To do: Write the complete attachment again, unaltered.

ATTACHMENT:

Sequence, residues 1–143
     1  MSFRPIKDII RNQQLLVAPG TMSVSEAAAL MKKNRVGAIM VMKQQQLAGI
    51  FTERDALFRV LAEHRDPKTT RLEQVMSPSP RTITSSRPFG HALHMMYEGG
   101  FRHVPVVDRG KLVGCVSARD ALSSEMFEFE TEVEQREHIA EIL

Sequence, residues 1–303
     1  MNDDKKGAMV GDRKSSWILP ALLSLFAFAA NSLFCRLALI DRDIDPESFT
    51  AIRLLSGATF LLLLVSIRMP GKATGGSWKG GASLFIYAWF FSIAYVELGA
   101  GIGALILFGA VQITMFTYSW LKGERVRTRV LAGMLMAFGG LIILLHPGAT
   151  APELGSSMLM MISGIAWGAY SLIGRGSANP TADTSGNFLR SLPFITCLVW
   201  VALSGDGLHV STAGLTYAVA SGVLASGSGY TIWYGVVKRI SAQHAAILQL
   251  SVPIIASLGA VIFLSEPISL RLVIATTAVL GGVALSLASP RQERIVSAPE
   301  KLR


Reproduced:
Sequence, residues 1–143
     1  MSFRPIKDII RNQQLLVAPG TMSVSEAAAL MKKNRVGAIM VMKQQQLAGI
    51  FTERDALFRV LAEHRDPKTT RLEQVMSPSP RTITSSRPFG HALHMMYEGG
   101  FRHVPVVDRG KLVGCVSARD ALSSEMFEFE TEVEQREHIA EIL

Sequence, residues 1–303
     1  MNDDKKGAMV GDRKSSWILP ALLSLFAFAA NSLFCRLALI DRDIDPESFT
    51  AIRLLSGATF LLLLVSIRMP GKATGGSWKG GASLFIYAWF FSIAYVELGA
   101  GIGALILFGA VQITMFTYSW LKGERVRTRV LAGMLMAFGG LIILLHPGAT
   151  APELGSSMLM MISGIAWGAY SLIGRGSANP TADTSGNFLR SLPFITCLVW
   201  VALSGDGLHV STAGLTYAVA SGVLASGSGY TIWYGVVKRI SAQHAAILQL
   251  SVPIIASLGA VIFLSEPISL RLVIATTAVL GGVALSLASP RQERIVSAPE
   301  KLR